On October 11, 2014 at the Robert F. Kennedy Community Schools Campus, more than 15 schools and upwards of 120 students, teachers, parents, and administrators took the time on a Saturday to come together with one common goal: Strengthening school community.
Facing History Los Angeles hosted our 3rd Annual Los Angeles Partnership School Summit on School Culture. In our first year of this summit, we featured the film BULLY and looked at how small steps can make a difference for peers confronting bullying on campus. Last year we considered a short animated film from StoryCorps, Listening Is An Act of Love, to grow beyond just stopping bullying and consider how to build a positive school culture by small acts of compassion. This year, we continued to explore ways to build a stronger community by considering the steps of an "upstander."
César Chávez starring Michael Peña, tells the story of an American civil rights activist and labor organizer. By motivating and empowering a strong network of allies, Chavez nonviolently pursued his dream of guaranteeing living wages and better conditions for all farmworkers. This film provided schools the opportunity to look closely into the actions of an ordinary citizen who becomes an upstander, and it motivated and energized the Summit participants to start the process of making small but effective changes within their school communities.
After the film screening, school stakeholders - parents, teachers, students, and administrators - met with similar stakeholders from other schools to share their personal stories and experiences. I had the opportunity to sit down with parents whose activism and vision for change was both inspiring and motivational. What resonated most with me were the stories of how some of these individuals were directly and indirectly affected during the farmworkers' labor movement in the 1950s and 60s.
- One participant told us his story of working in the fields as a five year old, his eventual difficulties of immigrating to the United States, and the repercussions and humiliations he has gone through as part of his immigration experience.
- A mother in our group recollected and shared her memory of seeing the beautiful smiles from her parents when they came back home after a very long day in the fields. She mentioned that her parents never portrayed sadness in front of their children. There was an unspoken culture of never bringing the negativity and harshness of their work back home. In fact, she went on to share lyrics from a song, that originated by farmworkers in the field, whose words conveyed this idea.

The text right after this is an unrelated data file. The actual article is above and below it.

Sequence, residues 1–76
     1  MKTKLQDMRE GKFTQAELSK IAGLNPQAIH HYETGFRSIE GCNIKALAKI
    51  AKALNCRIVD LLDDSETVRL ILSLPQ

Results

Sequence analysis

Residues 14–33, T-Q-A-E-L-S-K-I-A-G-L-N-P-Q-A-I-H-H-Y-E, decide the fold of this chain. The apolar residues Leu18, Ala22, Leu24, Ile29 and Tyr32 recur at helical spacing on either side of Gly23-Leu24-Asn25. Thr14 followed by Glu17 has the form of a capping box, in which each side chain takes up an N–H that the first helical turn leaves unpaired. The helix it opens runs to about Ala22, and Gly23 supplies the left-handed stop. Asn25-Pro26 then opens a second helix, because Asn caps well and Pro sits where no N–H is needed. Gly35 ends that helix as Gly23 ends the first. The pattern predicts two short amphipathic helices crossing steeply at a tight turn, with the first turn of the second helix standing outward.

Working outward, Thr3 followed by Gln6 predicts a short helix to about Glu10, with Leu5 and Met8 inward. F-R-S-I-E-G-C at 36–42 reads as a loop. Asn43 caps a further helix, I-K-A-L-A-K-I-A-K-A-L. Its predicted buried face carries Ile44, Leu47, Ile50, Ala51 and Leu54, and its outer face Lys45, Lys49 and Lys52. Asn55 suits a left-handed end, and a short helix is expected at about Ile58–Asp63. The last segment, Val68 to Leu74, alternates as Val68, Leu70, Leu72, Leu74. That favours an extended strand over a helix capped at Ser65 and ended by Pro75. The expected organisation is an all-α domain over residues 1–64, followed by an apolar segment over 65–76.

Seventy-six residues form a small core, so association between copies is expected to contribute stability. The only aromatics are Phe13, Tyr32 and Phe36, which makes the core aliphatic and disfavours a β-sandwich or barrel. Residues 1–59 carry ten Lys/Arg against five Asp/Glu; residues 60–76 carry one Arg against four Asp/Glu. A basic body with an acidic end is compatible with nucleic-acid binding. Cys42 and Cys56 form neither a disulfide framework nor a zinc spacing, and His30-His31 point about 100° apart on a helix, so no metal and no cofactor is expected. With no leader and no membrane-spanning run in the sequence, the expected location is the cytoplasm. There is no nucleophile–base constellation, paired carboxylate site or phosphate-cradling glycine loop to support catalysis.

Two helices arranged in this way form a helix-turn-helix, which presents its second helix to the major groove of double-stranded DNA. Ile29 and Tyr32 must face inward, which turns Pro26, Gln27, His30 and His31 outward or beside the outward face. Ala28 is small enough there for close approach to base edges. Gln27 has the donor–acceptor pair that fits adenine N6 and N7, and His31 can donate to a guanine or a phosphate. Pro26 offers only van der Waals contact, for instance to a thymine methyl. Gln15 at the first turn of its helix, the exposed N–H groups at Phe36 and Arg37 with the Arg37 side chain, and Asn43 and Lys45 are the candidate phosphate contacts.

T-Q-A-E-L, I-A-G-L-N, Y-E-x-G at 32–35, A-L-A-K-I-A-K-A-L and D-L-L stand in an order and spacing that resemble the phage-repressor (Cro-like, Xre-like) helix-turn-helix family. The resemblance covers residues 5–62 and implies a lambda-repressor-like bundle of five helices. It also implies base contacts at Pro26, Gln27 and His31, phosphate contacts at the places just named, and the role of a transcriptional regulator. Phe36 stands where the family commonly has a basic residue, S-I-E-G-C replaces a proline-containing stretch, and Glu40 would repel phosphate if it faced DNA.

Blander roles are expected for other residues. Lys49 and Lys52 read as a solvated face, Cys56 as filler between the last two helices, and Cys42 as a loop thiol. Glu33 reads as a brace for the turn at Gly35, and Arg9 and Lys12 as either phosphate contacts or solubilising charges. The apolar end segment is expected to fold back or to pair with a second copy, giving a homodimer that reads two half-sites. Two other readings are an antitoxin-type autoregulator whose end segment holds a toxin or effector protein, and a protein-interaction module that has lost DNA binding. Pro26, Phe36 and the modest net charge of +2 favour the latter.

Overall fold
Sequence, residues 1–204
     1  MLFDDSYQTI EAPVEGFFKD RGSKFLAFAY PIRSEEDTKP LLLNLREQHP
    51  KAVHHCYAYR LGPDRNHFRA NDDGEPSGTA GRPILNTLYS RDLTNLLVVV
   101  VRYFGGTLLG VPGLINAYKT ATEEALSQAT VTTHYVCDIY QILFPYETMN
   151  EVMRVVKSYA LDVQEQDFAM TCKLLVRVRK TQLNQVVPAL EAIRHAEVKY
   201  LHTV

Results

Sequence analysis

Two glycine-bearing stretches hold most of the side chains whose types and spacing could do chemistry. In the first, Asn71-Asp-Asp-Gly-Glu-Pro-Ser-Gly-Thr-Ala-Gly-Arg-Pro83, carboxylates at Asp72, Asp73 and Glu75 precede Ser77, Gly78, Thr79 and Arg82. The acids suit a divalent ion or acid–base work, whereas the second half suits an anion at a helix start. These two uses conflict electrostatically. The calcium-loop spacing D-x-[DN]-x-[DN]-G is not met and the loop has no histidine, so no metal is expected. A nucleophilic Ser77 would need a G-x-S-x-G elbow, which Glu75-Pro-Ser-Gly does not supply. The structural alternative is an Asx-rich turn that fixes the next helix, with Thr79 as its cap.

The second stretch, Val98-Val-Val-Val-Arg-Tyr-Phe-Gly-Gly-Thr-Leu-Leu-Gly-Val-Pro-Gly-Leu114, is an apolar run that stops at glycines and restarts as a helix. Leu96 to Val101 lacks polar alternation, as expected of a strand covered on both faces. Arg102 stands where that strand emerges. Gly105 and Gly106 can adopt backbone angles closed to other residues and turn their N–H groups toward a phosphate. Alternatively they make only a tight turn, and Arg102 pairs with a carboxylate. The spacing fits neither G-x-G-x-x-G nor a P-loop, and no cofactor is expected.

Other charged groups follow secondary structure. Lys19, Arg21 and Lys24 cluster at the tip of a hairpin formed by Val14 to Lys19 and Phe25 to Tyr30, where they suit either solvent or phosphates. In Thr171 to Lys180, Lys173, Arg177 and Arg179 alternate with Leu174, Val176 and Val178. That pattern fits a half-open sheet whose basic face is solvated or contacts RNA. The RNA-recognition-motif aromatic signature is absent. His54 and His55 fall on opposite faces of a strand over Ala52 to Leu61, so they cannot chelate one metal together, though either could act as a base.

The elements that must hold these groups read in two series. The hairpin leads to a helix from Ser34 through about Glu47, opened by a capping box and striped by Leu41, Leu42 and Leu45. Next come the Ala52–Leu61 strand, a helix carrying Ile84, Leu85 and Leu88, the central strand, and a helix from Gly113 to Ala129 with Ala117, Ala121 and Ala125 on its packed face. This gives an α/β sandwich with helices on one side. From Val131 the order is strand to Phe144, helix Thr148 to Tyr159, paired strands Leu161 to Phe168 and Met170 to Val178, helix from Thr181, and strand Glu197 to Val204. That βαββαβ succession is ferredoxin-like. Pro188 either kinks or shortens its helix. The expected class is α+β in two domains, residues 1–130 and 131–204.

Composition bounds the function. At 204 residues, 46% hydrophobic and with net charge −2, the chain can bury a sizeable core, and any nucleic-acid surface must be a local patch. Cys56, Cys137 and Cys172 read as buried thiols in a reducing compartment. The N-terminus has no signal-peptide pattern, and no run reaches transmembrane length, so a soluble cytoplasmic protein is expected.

- A Guatemalan participant also made sure to give voice to the unjust treatment of indigenous peoples in Guatemala who worked in the fields. She was proud to be a part of a similar movement while she was a student at the University of Guatemala.
Tears and smiles accompanied our conversations, and we came to the agreement that if we put our differences aside and just got in touch with one thing that we all have in common, that we are all human, a stronger global citizenry could make constructive, rather than destructive, changes.. The parents and grandparents were extremely grateful to Facing History for providing this opportunity to the community.
I was personally very grateful and lucky to be a part of these fruitful conversations, which gave me a new and fresh perspective on what it is to be American. Having been away from the country for six years, it was great connecting with participants of diverse backgrounds and realizing the rich culture that resides right here in Los Angeles. I believe all of the participants would agree with me when I say that those seven hours we all dedicated as a community will benefit and empower our students to be part of change, big and small, for their school communities.